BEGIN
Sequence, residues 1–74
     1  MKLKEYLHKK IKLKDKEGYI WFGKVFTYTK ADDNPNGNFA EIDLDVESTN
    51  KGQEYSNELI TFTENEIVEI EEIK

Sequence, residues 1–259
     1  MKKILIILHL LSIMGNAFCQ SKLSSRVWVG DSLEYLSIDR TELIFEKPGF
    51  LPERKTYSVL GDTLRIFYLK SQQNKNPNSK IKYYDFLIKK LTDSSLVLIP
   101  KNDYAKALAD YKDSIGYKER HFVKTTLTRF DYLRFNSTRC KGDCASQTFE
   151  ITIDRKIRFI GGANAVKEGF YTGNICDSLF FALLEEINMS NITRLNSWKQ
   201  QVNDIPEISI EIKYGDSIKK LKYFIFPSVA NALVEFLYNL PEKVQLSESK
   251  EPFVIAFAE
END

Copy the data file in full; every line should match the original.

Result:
Sequence, residues 1–74
     1  MKLKEYLHKK IKLKDKEGYI WFGKVFTYTK ADDNPNGNFA EIDLDVESTN
    51  KGQEYSNELI TFTENEIVEI EEIK

Sequence, residues 1–259
     1  MKKILIILHL LSIMGNAFCQ SKLSSRVWVG DSLEYLSIDR TELIFEKPGF
    51  LPERKTYSVL GDTLRIFYLK SQQNKNPNSK IKYYDFLIKK LTDSSLVLIP
   101  KNDYAKALAD YKDSIGYKER HFVKTTLTRF DYLRFNSTRC KGDCASQTFE
   151  ITIDRKIRFI GGANAVKEGF YTGNICDSLF FALLEEINMS NITRLNSWKQ
   201  QVNDIPEISI EIKYGDSIKK LKYFIFPSVA NALVEFLYNL PEKVQLSESK
   251  EPFVIAFAE